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Concrete mixer

  1. Mar 16, 2015 #1
    1. The problem statement, all variables and given/known data

    In a concrete mixer, cement, gravel, and water are mixed by tumbling action in a slowly rotating drum. If the drum spins too fast the ingredients stick to the drum wall instead of mixing. Assume that the drum of a mixer has radius ##R = 0.5 m## and that it is mounted with its axle horizontal. What is the fastest the drum can rotate without the ingredients sticking to the wall all the time? Assume ##g = 9.8 m/s^2##.

    2. Relevant equations

    ##F_r = ma_r##

    3. The attempt at a solution

    If a particle of mass ##m## goes around in a vertical circle on the drum wall at angular speed ##\omega##, then in polar coordinates we have:
    $$-(N + mg \sin{\theta}) = -mR \omega^2$$
    $$N = m(R \omega^2 - g \sin{\theta})$$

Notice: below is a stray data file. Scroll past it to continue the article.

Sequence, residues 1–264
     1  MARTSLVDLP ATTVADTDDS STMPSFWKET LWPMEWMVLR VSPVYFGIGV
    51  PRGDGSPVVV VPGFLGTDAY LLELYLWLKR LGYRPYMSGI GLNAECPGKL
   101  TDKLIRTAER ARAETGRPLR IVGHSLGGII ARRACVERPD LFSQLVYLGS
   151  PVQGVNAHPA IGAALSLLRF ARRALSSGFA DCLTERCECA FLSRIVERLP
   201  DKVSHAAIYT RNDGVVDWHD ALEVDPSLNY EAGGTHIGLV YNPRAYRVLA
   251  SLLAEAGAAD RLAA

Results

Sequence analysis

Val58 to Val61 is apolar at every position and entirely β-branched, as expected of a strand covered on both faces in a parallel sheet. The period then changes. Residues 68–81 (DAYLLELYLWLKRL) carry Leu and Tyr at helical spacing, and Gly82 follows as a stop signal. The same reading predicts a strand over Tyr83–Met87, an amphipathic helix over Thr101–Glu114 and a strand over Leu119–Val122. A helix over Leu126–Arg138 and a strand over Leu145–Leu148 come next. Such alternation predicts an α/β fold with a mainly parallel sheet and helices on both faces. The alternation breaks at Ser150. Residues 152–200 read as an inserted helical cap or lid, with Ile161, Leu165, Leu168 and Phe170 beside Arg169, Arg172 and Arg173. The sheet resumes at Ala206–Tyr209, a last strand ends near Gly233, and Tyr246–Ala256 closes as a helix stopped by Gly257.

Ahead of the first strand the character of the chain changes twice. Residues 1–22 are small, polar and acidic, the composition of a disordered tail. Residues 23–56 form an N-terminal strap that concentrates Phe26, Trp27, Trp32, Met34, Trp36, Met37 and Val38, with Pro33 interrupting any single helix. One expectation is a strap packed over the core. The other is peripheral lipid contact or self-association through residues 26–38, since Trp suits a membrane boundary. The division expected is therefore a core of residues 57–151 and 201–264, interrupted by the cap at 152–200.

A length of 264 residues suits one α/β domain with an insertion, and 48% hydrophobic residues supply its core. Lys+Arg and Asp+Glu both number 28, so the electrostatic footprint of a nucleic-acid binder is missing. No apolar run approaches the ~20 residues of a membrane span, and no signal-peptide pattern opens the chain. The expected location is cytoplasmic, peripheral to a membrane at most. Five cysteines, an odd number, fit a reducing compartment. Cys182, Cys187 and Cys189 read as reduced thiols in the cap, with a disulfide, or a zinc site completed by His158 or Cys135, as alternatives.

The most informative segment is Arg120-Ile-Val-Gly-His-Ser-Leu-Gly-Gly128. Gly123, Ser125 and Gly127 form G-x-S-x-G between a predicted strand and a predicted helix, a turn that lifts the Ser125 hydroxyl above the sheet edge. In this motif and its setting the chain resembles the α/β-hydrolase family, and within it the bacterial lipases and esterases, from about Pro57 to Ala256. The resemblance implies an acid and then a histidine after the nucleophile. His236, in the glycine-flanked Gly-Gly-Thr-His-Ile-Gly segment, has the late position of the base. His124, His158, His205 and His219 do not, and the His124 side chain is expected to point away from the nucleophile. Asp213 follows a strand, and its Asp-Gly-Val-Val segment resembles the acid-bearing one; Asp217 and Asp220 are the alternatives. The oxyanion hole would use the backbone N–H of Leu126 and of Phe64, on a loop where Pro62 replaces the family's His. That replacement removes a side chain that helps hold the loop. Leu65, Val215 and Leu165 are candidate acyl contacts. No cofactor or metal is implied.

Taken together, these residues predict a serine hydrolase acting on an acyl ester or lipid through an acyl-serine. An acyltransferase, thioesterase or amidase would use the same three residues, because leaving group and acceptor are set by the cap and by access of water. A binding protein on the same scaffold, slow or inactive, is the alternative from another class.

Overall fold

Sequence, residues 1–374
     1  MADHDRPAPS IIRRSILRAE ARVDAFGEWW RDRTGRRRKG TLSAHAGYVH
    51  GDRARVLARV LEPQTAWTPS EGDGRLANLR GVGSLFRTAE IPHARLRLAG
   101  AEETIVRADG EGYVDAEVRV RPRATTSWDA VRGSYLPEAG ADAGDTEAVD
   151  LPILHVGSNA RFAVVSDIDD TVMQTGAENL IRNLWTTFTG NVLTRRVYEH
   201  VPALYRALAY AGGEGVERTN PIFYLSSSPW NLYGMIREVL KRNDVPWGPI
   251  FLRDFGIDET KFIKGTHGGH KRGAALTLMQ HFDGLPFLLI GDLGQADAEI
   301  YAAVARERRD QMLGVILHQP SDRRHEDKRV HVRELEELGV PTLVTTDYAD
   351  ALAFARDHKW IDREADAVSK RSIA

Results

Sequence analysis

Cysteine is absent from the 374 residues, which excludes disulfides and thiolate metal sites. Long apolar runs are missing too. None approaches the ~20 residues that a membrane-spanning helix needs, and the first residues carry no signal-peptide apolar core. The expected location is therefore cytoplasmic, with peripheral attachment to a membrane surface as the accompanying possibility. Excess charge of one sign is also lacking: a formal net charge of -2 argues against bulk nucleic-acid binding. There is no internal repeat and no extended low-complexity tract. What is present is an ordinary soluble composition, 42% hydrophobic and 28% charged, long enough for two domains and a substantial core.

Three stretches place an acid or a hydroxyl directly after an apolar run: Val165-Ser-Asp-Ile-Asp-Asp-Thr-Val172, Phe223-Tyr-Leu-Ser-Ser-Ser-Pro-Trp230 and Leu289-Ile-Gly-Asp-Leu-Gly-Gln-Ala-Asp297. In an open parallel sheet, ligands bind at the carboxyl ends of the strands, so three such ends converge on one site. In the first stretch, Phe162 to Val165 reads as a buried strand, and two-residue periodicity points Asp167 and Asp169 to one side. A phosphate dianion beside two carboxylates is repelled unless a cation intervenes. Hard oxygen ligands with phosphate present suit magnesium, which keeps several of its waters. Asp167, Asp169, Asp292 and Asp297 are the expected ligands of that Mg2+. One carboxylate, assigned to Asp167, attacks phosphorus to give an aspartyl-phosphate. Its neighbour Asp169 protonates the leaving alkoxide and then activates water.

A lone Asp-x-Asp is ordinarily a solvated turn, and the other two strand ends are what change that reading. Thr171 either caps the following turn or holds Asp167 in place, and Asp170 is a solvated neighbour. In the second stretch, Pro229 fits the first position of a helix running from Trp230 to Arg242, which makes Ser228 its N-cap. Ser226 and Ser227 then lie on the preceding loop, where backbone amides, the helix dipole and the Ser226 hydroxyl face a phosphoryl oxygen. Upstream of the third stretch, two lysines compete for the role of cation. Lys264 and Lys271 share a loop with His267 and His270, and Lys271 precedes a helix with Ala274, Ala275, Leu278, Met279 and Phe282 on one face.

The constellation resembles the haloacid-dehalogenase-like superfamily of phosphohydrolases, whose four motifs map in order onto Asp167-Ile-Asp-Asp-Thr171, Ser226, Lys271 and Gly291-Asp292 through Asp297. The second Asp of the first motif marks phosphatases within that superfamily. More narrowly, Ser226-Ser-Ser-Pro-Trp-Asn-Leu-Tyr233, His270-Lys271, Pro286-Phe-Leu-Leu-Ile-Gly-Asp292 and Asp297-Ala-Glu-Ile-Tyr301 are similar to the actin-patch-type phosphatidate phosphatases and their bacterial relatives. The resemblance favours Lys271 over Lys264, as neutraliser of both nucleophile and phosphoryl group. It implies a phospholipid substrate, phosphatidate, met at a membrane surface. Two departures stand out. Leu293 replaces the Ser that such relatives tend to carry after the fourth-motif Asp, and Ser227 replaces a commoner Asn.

Where ##\theta## is the angle the position vector of the particle makes with the horizontal and ##N## is the magnitude of the normal reaction from the drum wall.
    At the top, if we wish to find the maximum value of ##\omega## beyond which ##N## is nonzero (sticking to the wall, as described in the question), we can set ##N = 0## and solve for ##\omega_{max}##:
    $$\omega_{max} = \sqrt{\frac{g}{R}}$$
    Is this correct?
    Also, why do we choose the ##N = 0## for ##\theta = \frac{\pi}{2}##? Is it because if ##N = 0## for any other point, the ingredients wouldn't go around in a circle, but would instead be in free fall?
     
  2. jcsd
  3. Mar 16, 2015 #2

    Simon Bridge

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    Taking "N" to be the magnitude of the normal force to the sides of the drum...
    If N = 0 there is certainly no sticking ... the amount of sticking would be modelled as a proportion of N rather than all of N though.

    You did not tell us where ##\theta = 0## is so it is difficult to answer: we don't know what position that angle corresponds to.
    However, "we" did not make that choice... you did.
    Why did you make that choice?